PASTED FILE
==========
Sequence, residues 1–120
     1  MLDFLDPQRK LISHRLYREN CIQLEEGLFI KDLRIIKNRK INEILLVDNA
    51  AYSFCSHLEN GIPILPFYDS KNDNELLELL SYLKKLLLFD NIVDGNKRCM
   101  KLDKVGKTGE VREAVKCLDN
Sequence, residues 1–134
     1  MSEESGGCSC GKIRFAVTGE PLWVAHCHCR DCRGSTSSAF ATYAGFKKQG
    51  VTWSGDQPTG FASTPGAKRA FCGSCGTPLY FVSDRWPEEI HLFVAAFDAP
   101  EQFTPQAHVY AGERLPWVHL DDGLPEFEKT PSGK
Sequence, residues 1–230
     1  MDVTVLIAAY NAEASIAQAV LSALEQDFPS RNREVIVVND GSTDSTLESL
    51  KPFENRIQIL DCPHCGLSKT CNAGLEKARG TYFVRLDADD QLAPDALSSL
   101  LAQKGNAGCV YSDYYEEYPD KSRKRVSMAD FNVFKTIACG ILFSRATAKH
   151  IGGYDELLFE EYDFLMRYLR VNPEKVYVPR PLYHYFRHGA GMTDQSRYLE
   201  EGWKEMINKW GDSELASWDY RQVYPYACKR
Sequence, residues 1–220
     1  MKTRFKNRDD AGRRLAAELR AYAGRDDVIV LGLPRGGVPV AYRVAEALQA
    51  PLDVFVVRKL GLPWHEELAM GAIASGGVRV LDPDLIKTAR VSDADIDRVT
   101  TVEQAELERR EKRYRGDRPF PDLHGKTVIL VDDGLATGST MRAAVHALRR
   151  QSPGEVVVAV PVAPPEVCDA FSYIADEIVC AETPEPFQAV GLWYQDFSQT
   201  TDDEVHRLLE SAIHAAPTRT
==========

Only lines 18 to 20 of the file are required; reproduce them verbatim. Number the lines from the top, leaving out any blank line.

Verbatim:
   101  TVEQAELERR EKRYRGDRPF PDLHGKTVIL VDDGLATGST MRAAVHALRR
   151  QSPGEVVVAV PVAPPEVCDA FSYIADEIVC AETPEPFQAV GLWYQDFSQT
   201  TDDEVHRLLE SAIHAAPTRT